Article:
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Genesis 9:8-17

Genesis 9:8-17

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Published by John Shearhart
The covenant of mercy and its token point to Christ and give hope to God’s people.
The covenant of mercy and its token point to Christ and give hope to God’s people.

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Categories:Types, Speeches
Published by: John Shearhart on Mar 21, 2013
Copyright:Attribution Non-commercial


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Genesis 9:8-17
 March 20, 2013
We’re going to pick back up on the story of Noah in Genesis chapter nine. He’s just come off the ark and made a sacrifice which God smells and is pleased. Godmakes a promise to never again curse the ground or to destroy the earth until theappointed time and then blesses Noah and his family. Here in verse eight we’relooking at not only a more comprehensive explanation of the promise in 8:21-22,but we see that God formally seals the deal with a covenant. Earlier, when Godfirst commanded Noah to build the ark, He made a reference to this saying, “
Withthee will I establish my covenant
,” and now that the waters have subsided andeveryone is safely out of the ark it’s time for God to follow through with what He’spromised.And the focus of these ten verses is primarily on this covenant and its token. In theancient world covenants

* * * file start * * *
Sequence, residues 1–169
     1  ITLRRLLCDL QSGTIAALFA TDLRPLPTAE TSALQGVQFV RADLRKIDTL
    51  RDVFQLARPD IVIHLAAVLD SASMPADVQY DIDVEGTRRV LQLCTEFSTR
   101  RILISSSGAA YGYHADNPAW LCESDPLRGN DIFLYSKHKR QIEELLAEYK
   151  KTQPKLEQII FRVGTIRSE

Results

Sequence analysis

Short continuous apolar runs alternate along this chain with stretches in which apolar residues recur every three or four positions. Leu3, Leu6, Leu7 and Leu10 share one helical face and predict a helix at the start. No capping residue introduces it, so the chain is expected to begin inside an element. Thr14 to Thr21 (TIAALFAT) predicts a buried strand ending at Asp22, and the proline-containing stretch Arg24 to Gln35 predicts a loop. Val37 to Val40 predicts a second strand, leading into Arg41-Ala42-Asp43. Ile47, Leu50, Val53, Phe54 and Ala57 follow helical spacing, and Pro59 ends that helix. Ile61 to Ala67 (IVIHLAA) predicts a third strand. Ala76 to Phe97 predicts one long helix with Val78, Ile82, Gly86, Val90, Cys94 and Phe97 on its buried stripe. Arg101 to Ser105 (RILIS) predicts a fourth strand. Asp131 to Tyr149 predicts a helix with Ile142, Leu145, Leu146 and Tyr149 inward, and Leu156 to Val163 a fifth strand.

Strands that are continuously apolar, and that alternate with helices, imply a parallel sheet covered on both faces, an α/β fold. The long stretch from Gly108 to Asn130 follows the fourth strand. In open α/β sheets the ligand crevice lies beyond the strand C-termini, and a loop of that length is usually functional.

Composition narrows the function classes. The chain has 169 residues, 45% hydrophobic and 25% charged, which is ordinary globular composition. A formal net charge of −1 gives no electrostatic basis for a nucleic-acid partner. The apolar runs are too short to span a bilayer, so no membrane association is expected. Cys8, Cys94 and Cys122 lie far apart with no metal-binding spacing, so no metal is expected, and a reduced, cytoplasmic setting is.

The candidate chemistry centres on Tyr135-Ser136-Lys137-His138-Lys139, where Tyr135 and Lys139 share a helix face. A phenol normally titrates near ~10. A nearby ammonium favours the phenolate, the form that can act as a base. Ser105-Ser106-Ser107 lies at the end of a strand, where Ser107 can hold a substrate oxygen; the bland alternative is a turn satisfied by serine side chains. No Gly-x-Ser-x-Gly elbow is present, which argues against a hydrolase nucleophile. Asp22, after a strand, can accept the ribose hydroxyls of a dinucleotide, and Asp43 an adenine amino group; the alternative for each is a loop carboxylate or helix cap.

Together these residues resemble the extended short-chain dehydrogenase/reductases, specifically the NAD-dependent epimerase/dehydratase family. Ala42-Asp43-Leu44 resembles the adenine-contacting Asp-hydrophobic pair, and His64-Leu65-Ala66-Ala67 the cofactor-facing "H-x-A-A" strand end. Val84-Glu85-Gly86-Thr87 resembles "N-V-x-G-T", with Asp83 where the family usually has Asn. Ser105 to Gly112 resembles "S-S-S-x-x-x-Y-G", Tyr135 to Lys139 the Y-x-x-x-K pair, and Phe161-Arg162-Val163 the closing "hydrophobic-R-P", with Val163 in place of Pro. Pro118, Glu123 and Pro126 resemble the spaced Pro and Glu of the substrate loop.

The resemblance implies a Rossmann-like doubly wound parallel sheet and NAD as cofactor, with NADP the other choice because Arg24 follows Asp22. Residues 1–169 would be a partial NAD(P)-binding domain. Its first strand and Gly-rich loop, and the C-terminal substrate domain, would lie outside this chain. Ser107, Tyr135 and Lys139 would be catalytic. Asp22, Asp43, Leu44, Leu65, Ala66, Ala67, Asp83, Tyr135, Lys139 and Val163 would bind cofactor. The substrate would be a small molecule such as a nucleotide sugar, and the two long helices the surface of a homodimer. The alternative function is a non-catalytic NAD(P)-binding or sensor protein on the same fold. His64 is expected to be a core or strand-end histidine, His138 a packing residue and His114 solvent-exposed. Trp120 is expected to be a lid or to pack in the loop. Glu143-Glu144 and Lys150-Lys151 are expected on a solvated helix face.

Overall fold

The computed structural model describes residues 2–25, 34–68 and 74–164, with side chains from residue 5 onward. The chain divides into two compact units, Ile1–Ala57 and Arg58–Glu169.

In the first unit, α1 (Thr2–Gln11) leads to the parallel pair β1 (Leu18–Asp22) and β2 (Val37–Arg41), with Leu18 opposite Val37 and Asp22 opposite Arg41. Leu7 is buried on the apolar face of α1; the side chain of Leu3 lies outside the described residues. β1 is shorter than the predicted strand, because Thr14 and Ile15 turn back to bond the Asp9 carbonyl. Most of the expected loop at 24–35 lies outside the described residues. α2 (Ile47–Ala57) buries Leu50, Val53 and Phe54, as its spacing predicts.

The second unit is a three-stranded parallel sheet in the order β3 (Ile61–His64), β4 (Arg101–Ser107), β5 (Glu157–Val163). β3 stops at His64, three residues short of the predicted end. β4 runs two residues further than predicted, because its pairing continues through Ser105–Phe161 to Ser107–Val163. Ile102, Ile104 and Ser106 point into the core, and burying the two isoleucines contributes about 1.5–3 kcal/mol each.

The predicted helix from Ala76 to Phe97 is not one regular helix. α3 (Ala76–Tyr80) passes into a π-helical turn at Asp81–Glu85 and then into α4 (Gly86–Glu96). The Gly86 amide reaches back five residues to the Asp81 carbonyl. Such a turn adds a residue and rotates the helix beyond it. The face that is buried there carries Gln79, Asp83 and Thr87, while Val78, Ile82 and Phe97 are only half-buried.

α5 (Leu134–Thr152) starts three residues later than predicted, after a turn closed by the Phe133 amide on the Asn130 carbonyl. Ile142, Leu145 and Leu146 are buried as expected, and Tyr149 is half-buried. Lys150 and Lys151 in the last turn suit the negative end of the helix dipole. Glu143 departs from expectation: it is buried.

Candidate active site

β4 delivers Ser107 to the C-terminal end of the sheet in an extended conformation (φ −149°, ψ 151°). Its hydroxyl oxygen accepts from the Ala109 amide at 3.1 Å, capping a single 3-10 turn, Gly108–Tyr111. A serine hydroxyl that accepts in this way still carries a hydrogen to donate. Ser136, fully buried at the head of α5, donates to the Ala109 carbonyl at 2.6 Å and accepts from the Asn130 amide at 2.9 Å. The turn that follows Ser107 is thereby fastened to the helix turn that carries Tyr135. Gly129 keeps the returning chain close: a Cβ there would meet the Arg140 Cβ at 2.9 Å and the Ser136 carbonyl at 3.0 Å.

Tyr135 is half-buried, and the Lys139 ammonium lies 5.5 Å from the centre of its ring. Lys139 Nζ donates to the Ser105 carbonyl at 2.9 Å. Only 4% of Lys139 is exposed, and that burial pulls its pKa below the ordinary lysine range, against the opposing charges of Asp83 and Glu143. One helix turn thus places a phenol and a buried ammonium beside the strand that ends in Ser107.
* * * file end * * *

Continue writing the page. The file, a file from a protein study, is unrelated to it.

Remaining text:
were promises verified by an oath, usually witnessed bysome lasting power, and verified with a token. We’re all familiar with this from just the Old Testament. There are several promises which are followed up withsomething like “
the Lord is witness this day 
” or “
 I call heaven and earth to recordthis day against you
.” Sometimes they made a pile of stones which would remainlong after both parties died and they called it a witness (Josh. 24:27).And then a token was often exchanged as a sort of tangible reminder of thepromises made. You’ll remember that Abraham’s servant placed his hand underAbraham’s thigh to take an oath (Gen. 24:2) and that Boaz plucking off his shoe toredeem Ruth (Ruth 4:8). Sometimes the token was the sacrifice of an animal whichgraphically warned the promisor of the consequences of breaking his word. It wascommon for tribes or clans to covenant together offering a son or daughter inmarriage to ensure the mutual survival of the unified people. Later groups like theHittites formalized the process with elaborate ceremonies and documents literallywritten in metal or stone. These covenants were occasionally read aloud in publicso that no one would forget about their responsibilities.Well, here in Genesis nine we’re reading about a token and its token. Noah offersa sweet smelling sacrifice to God, God blesses him and his family: